Cut business taxes to boost growth and avoid an economic crisis, business leaders warn
Britain faces an economic crisis and the next Prime Minister must focus on boosting growth, business leaders have warned.
In a letter to Conservative leadership candidates, lobby group the CBI said Boris Johnson’s successor must have a ‘serious, credible and bold’ plan for the economy.
The Tories vying for the top job have been promising a string of headline-grabbing tax cuts to win over MPs and party members.
In an open letter to Conservative leadership candidates, the CBI said Boris Johnson’s successor must have a ‘serious, credible and bold’ plan for the economy
But the CBI called for tax changes that ‘trigger business investment not fuel inflation’. And it warned against tax cuts aimed at simply boosting household spending such as reductions in income tax or VAT.
‘Growth that relies on only government or household consumption is doomed to fail, especially at a time of rising inflation and high debt,’ wrote Tony Danker, director-general of the CBI.
The lobby group has repeatedly called for a permanent successor to the Super Deduction – a temporary tax break brought in during the pandemic which allows firms to cut their tax bill by investing in plant and machinery.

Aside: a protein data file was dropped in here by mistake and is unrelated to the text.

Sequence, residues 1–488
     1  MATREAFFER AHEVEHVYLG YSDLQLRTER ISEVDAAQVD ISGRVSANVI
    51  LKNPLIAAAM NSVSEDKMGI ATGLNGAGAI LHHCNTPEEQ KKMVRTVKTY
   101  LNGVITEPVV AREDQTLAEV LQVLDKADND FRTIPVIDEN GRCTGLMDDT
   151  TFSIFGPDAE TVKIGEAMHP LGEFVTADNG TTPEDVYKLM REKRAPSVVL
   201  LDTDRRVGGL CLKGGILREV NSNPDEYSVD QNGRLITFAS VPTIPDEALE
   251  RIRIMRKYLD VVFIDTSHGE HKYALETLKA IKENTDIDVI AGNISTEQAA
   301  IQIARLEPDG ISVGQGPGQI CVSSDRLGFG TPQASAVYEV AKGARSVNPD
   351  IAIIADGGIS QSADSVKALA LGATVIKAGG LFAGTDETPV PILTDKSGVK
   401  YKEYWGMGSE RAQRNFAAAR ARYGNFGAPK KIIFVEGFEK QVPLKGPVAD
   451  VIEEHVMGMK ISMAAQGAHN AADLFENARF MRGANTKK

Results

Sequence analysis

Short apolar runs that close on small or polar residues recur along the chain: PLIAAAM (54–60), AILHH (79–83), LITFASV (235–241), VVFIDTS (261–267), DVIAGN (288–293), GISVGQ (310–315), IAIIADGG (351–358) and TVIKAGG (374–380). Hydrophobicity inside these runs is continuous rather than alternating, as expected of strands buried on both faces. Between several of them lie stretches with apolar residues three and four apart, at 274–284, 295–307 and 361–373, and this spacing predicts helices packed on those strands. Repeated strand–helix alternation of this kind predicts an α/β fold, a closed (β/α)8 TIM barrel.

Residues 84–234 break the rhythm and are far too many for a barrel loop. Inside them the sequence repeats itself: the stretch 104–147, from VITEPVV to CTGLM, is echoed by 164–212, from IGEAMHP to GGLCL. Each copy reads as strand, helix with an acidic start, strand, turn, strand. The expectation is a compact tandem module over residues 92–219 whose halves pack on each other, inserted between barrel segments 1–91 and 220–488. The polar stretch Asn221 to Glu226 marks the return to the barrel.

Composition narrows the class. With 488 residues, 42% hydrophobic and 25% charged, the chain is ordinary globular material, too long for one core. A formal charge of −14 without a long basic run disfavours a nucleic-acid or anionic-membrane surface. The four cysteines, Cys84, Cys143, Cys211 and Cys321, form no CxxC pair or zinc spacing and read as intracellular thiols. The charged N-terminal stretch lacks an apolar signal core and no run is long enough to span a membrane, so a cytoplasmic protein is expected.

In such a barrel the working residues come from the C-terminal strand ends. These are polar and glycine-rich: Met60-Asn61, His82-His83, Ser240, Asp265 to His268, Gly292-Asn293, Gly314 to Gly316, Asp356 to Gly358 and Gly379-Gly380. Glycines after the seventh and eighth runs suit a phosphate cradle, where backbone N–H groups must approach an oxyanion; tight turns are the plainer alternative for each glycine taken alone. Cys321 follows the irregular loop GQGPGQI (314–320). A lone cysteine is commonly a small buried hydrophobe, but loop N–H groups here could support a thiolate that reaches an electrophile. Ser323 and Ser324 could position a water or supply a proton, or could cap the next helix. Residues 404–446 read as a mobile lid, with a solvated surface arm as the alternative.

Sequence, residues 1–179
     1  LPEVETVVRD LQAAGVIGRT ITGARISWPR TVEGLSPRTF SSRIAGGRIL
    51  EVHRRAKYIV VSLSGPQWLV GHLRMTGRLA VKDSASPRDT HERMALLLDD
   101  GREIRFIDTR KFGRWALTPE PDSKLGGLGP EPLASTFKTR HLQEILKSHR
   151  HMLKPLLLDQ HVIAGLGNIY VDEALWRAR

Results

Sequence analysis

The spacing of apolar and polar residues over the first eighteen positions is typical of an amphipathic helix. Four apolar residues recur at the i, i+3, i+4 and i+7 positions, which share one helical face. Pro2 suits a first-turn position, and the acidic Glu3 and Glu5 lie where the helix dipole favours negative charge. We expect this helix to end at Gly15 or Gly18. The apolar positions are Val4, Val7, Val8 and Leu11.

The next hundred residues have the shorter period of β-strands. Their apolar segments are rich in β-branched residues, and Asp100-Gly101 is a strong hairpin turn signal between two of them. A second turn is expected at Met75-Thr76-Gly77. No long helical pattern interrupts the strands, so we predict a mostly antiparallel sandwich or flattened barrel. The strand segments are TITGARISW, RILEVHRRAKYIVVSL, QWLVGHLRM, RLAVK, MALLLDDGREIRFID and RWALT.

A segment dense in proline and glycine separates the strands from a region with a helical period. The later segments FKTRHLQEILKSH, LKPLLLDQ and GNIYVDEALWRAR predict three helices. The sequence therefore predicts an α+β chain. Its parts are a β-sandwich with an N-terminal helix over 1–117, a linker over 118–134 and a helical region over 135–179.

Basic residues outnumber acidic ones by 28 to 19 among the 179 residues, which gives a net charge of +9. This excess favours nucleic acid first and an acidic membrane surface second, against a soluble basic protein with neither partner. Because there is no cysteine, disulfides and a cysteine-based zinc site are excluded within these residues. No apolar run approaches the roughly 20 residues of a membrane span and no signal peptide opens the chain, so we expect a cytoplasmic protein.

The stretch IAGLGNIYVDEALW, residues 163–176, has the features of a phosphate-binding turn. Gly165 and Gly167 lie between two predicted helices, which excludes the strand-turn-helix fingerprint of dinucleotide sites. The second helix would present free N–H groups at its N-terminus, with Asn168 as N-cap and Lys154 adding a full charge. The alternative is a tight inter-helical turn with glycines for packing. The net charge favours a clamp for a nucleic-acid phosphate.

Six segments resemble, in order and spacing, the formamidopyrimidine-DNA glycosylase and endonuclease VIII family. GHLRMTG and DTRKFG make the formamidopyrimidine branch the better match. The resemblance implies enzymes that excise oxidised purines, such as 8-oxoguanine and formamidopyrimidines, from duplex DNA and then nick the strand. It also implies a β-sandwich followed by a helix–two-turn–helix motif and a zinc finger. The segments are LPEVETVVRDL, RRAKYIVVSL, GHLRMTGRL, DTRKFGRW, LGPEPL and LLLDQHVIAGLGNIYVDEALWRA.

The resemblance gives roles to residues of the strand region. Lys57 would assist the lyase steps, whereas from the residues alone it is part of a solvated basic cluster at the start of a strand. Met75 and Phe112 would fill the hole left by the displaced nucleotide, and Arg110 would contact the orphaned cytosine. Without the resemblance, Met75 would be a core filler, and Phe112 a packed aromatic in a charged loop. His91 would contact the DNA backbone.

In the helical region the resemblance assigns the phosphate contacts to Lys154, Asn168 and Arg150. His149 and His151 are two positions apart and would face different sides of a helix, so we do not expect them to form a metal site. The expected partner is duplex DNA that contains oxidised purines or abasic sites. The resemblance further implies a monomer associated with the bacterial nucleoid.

Business rates on commercial properties must also be urgently reformed as they are the ‘most punitive business taxes in the UK’ and are leading to higher prices on the High Street, the CBI said.
And the hike in corporation tax from 19pc to 25pc next year must be suspended, the CBI said, as it was ‘never intended to come in as growth weakens’.
In werklikheid, the business group warned, the next Prime Minister should closely examine the entire tax burden on business to make sure the UK is still a competitive place for companies to call home.
Danker said: ‘We are currently set for just 1pc growth in 2023 and to continue to languish at the bottom of the G7 table on business investment.
‘It won’t take much to tip us into a recession and, were that to pass, it would prolong the cost of living crisis.’
In a separate report, the Resolution Foundation and the London School of Economics (LSE) said the UK’s ‘toxic combination of low growth and high inequality’ had left it trailing behind other major economies.
This was leading to ‘disastrous consequences for low and middle-income households’, dit het bygevoeg. While the top 10pc of households in Britain are richer than those in many other European countries, those of middle-income are not.
If the UK had the average income and inequality levels of comparable countries such as Australia, Kanada, Frankryk, Germany and the Netherlands, die verslag bygevoeg, typical household incomes would be a third or £8,800 higher.
The calls from the business leaders and think-tanks were echoed by Parliament’s Treasury committee. The MPs said the Government’s ‘chop and change’ approach to economic strategy was ‘concerning’ after its Industrial Strategy was scrapped and replaced with the Plan for Growth last year.
Chairman Mel Stride said: ‘Getting a grip on productivity will be key to kick-starting economic growth and stimulating greater business investment in the UK.’